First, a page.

Application of the Adaptive Validation Substudy Design to Colorectal Cancer Recurrence
Received 9 September 2019
Accepted for publication 19 December 2019
Published 3 February 2020 Volume 2020:12 Pages 113—121
Checked for plagiarism Yes
Review by Single anonymous peer review
Peer reviewer comments 3
Editor who approved publication: Professor Irene Petersen
Lindsay J Collin,1,2 Anders H Riis,2 Richard F MacLehose,3 Thomas P Ahern,4 Rune Erichsen,2,5 Ole Thorlacius-Ussing,6 Timothy L Lash1
1Department of Epidemiology, Emory University, Atlanta, GA, USA; 2Department of Clinical Epidemiology, Aarhus University Hospital, Aarhus, Denmark; 3Division of Epidemiology and Community Health, University of Minnesota, Minneapolis, MN, USA; 4Department of Surgery, The Robert Larner, M.D. College of Medicine at the University of Vermont, Burlington, VT, USA; 5Department of Surgery, Randers Regional Hospital, Randers, Denmark; 6Department of Gastrointestinal Surgery, Aalborg University Hospital, Aalborg, Denmark
Correspondence: Lindsay J Collin
Department of Epidemiology, Emory University, 1518 Clifton RoadNE, Atlanta, GA 30322, USA
Tel +1 530-386-3341
Background: Among men and women diagnosed with colorectal cancer (CRC), 20– 50% will develop a cancer recurrence. Cancer recurrences are not routinely captured by most population-based registries; however, linkage across Danish registries allows for the development of predictive models to detect recurrence. Successful application of such models in population-based settings requires validation against a gold standard to ensure the accuracy of recurrence identification.
Objective: We apply a recently developed validation study design for prospectively collected validation data to validate predicted CRC recurrences against gold standard diagnoses from medical records in an actively followed cohort of CRC patients in Denmark.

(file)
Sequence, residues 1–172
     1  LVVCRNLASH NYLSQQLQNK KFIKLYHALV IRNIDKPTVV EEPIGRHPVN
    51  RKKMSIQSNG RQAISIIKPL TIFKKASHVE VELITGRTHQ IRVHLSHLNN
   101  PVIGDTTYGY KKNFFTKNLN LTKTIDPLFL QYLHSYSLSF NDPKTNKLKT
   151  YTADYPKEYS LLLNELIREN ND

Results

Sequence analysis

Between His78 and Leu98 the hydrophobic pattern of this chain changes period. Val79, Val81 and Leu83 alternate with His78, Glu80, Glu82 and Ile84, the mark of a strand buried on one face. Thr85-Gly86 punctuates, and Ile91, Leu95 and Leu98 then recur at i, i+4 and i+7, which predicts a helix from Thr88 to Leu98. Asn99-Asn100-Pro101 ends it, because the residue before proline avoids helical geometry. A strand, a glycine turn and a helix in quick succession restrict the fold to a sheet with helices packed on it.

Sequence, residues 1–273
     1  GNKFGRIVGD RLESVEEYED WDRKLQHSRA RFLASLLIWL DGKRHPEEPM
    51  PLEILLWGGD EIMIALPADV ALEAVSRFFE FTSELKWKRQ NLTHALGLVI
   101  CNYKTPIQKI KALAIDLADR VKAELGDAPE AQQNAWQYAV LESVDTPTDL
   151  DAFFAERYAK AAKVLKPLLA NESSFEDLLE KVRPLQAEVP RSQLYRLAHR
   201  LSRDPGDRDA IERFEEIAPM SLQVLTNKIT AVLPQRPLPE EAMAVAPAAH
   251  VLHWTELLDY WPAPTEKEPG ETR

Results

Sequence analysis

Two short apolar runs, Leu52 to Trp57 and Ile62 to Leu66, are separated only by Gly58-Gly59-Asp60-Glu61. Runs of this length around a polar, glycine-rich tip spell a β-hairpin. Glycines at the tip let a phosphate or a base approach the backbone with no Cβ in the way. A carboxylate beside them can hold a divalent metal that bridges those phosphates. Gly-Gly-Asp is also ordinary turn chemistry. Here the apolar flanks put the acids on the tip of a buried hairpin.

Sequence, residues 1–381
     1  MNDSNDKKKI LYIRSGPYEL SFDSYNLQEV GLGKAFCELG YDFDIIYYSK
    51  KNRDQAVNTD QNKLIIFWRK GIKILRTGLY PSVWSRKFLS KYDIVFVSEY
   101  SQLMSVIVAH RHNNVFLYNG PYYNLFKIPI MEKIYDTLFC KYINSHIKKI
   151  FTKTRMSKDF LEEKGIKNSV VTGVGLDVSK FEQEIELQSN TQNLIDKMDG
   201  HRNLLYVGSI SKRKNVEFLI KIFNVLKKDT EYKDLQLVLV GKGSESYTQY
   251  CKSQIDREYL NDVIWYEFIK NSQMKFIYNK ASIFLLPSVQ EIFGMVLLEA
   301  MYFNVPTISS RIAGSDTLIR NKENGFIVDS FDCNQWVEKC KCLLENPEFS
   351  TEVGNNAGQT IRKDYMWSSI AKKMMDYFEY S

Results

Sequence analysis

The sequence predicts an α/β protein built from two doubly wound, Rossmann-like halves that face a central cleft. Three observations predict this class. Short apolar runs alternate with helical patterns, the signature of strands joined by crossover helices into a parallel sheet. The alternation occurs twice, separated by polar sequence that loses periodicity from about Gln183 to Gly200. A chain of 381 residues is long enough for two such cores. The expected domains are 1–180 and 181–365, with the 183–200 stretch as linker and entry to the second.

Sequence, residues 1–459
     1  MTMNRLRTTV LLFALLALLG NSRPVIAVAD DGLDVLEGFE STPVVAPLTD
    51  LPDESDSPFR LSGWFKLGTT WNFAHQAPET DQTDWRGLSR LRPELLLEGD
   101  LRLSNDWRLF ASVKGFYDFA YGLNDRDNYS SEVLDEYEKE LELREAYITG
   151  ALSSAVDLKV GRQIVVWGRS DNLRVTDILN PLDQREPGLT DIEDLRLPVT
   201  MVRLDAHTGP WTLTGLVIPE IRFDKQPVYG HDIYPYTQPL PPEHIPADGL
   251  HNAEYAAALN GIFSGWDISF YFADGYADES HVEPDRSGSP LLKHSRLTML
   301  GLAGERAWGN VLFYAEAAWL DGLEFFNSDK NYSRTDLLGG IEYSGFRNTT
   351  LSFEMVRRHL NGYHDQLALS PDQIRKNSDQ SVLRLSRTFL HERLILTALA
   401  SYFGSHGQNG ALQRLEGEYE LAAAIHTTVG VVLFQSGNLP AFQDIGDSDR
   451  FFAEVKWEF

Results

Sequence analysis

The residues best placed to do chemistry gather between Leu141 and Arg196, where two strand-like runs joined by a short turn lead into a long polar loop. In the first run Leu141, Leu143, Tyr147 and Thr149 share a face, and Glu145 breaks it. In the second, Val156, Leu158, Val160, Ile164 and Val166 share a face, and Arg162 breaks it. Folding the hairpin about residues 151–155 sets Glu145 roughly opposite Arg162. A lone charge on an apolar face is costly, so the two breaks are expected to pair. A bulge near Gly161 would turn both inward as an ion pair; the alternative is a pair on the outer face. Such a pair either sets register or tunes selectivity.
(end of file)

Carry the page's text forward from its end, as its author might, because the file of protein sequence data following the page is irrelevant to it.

Methods: We use a Bayesian monitoring framework, traditionally used in clinical trials, to iteratively update classification parameters (positive and negative predictive values, and sensitivity and specificity) in an adaptive validation substudy design. This design allows determination of the sample size necessary to estimate the corresponding parameters and to identify when validation efforts can cease based on predefined criteria for parameter values and levels of precision.
Results: Among 355 men and women diagnosed with CRC in Denmark and actively followed semi-annually, there were 63 recurrences diagnosed by active follow-up and 70 recurrences identified by a predictive algorithm. The adaptive validation design met stopping criteria for the classification parameters after 120 patients had their recurrence information validated. This stopping point yielded parameter estimates for the classification parameters similar to those obtained when the entire cohort was validated, with 66% less patients needed for the validation study.
Conclusion: In this proof of concept application of the adaptive validation study design for outcome misclassification, we demonstrated the ability of the method to accurately determine when sufficient validation data have been collected. This method serves as a novel validation substudy design for prospectively collected data with simultaneous implementation of a validation study.
Keywords: validation study design, colorectal cancer recurrence
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